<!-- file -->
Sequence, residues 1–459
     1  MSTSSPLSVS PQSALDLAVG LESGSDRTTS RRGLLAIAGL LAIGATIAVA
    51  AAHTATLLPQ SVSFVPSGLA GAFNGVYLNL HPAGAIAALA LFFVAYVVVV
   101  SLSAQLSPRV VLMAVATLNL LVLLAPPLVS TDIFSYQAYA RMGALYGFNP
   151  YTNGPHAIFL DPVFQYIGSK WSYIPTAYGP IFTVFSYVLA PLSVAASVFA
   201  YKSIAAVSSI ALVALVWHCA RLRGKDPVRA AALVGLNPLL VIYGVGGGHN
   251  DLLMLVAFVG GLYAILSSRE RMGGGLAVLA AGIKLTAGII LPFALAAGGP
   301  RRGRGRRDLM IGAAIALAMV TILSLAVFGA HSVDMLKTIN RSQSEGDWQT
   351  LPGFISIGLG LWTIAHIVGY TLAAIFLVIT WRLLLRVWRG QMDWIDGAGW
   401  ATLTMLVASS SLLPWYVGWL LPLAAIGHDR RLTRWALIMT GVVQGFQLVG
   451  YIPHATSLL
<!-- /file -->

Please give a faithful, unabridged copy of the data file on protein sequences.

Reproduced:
Sequence, residues 1–459
     1  MSTSSPLSVS PQSALDLAVG LESGSDRTTS RRGLLAIAGL LAIGATIAVA
    51  AAHTATLLPQ SVSFVPSGLA GAFNGVYLNL HPAGAIAALA LFFVAYVVVV
   101  SLSAQLSPRV VLMAVATLNL LVLLAPPLVS TDIFSYQAYA RMGALYGFNP
   151  YTNGPHAIFL DPVFQYIGSK WSYIPTAYGP IFTVFSYVLA PLSVAASVFA
   201  YKSIAAVSSI ALVALVWHCA RLRGKDPVRA AALVGLNPLL VIYGVGGGHN
   251  DLLMLVAFVG GLYAILSSRE RMGGGLAVLA AGIKLTAGII LPFALAAGGP
   301  RRGRGRRDLM IGAAIALAMV TILSLAVFGA HSVDMLKTIN RSQSEGDWQT
   351  LPGFISIGLG LWTIAHIVGY TLAAIFLVIT WRLLLRVWRG QMDWIDGAGW
   401  ATLTMLVASS SLLPWYVGWL LPLAAIGHDR RLTRWALIMT GVVQGFQLVG
   451  YIPHATSLL